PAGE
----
Astronomy probably began long before recorded history
(more than 5,000 years ago) when human began to track
the motion of celestial objects so they knew when to plant
their crops or prepare to hunt migrating herd.
The ancient Chinese, Egyptians, and Babylonians are well
known for their record keeping.
These cultures recorded the location of the Sun, Moon,
and the five visible planets as these objects moved slowly
against the background of “fixed” stars.
It was not enough to track the motions of celestial objects;
predicting their future positions (to avoid getting married
at an unfavorable time, for example) become important.
A study of Chinese archives shows that the Chinese
recorded every appearance of the famous Halley’s Comet
for at least 10 centuries.
Like most ancients, the Chinese considered comets to be
mystical, generally comet were seen as bad omen and
were blamed for a variety of disaster, from wars to plague.
The Chinese has an accurate records of “guest stars”.
Today we know that a “guest star” is a normal star, usually
too faint to be visible, which increases its brightness as it
explosively ejects gases from its surface, a phenomena we
call a Nova or Supernova.
The Golden Age of Astronomy
The Golden Age of early astronomy (600 B.C. –
AD 150) was centered in Greece.
The basics of Geometry and Trigonometry, which
they developed, were used to measure the size of
and distances to the largest-appearing bodies in the
heavens –Sun and the Moon.
The Golden Age of
early astronomy (600
B.C. –AD 150) was
centered in Greece.
The early Greeks held the incorrect Geocentric (geo =
Earth, centric = centered) view of the universe.
Orbiting the Earth
moon, Sun, and
known planets –
Mercury, Venus, Mar
s, Jupiter and Saturn
Beyond the planets was a
transparent, hallow celestial sphere
on which stars were attached and
travelled around the Earth.
The sun and the
moon were thought
to be perfect crystal
The famous Greek Philosopher
Aristotle (384-322BC) concluded
that Earth is spherical because it
always casts a curved shadow
when it eclipses the moon.
Although most of Aristotle’s teaching were
considered infallible by may for centuries after his
death, his belief in a spherical Earth was lost during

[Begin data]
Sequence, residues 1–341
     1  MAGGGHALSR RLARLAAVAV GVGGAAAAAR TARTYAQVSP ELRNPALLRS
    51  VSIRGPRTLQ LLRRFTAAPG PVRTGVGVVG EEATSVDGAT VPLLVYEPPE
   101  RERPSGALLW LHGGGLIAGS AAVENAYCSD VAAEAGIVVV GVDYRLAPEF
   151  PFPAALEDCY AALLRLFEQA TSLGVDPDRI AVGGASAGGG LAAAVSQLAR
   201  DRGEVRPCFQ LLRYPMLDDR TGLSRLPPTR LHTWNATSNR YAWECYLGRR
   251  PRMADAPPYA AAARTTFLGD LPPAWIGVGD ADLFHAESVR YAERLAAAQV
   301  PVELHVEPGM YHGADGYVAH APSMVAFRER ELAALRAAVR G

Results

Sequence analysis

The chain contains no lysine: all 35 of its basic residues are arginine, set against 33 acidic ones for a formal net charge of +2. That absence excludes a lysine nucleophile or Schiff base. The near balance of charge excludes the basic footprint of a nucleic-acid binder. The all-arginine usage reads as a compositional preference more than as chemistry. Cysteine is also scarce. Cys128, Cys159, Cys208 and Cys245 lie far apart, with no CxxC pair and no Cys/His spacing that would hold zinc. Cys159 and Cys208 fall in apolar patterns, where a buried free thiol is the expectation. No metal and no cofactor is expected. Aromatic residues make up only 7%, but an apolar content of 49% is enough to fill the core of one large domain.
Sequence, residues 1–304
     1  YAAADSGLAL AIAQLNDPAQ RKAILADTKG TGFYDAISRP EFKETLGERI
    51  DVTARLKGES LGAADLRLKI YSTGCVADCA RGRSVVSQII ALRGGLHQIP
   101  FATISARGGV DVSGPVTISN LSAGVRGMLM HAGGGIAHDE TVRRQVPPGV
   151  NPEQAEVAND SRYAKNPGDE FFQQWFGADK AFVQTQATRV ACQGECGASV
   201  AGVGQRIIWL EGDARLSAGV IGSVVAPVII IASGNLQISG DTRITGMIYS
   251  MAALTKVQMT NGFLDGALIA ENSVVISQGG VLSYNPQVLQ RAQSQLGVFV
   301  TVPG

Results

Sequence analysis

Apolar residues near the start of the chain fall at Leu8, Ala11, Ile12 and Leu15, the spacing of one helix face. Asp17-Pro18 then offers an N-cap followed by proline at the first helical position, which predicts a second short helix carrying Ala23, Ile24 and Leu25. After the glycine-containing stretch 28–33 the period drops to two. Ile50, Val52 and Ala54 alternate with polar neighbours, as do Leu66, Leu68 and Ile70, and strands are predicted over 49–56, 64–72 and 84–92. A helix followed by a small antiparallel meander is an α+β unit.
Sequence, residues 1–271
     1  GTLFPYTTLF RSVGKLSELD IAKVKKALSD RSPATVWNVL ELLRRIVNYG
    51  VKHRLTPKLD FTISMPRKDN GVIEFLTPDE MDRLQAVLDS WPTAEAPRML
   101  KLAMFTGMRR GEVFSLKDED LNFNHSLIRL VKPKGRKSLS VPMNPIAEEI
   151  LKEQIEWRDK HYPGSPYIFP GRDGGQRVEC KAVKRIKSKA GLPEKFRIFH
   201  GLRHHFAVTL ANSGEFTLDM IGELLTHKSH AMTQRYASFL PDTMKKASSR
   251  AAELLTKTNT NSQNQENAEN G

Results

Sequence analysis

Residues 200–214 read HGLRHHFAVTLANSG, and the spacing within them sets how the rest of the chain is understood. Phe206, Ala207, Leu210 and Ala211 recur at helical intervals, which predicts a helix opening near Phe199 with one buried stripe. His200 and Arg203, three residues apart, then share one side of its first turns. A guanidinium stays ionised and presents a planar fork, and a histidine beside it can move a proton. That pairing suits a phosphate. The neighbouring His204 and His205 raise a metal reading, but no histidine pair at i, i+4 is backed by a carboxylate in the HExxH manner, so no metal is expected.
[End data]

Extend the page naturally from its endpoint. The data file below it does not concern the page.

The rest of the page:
the Middle Ages.
Measuring the Earth’s Circumference
The first successful attempt to
establish the size of the Earth was
credited to Eratosthenes (276-194
Eratosthenes observed the angles of the noonday
Sun in two Egyptian cities that were roughly north
and south of each other- Syene (now Aswan) and
Finding the angles of the noonday
sun differed by 7 degrees, or 1/50
of a complete circle, he concluded
that the circumference of Earth
must be 50 times the distance
between these two cities.
The cities were 5,000 stadia
apart, giving him a measurement of
Many historians believe the stadia
was 157.6 meters, which would
make Eratosthenes’s calculation of
Earth’s circumference – 39,400
km.- a measurement very close to
the modern value of 40. 0705 km.
The Sun-Centered Universe
The first Greek to profess a
Sun-Centered, or Heliocentric
, (helios=sun, centric=centered)
universe was Aristarchus (312-
Because of the strong influence of Aristotle’s
writing, the Earth-centered view dominated Western
thought for nearly 2,000 years.
Mapping the Stars
The greatest among Greek
astronomers was Hipparchus, best
known for his star catalogue.
Hipparchus determined the
location of almost 850 stars, which
he divided into six groups
according to their brightness (the
system is still used today)
He measured the length of the year to within minutes of
the modern value and developed a method for predicting
the times of lunar eclipse to within a few hours.
Many of the Greek discoveries were lost
during the Middle Ages, the Earth-centered
view that the Greek proposed became
entrenched in Europe.
Much of our knowledge Of Greek astronomy
comes from a 13-volume treatise, Almagest (the
great work) which was compiled by Ptolemy in
With the decline of the Roman Empire around
fourth century, much of the accumulated
knowledge disappeared as libraries were
After the decline of Greek and Roman
civilization, the center of astronomical study
move east to Baghdad, where
fortunately, Ptolemy’s work was translated into
Arabic astronomers expanded Hipparchus’s star model
catalog and divided the sky into 48 constellations – the
foundation of our present-day constellation system.
It wasn’t until some time after the tenth century that the
ancient Greeks’ contributions o astronomy were
reintroduced to Europe through the Arabic community.
The Ptolemaic model soon dominated European
thought as the correct representation of the
heavens, which created problems for anyone who found
errors in it.
The Birth of Modern Astronomy
Ptolemy’s Earth-centered universe was not discarded
Modern astronomy’s development was more than
scientific endeavor, it require a break from deeply
entrenched philosophical and religious views that had
been a basic part of Western society for thousands of
The work of five noted scientists undergo a transition
from an astronomy that merely describe what is
observed, to an astronomy that tries to explain what is
observed and more importantly why the universe
behaves the way it does.
For almost 13 centuries after the time of
Ptolemy, very few astronomical advances
were made in Europe, some were even
lost, including the notion of a spherical
The first great astronomer to emerge after the Middle
Ages was Nicolaus Copernicus (1473-1543) from Poland
After discovering Aristarchus’s writing, Copernicus
became convinced that Earth is a planet, just the other
five then-known planet.
The daily motions of the heavens, he reasoned could be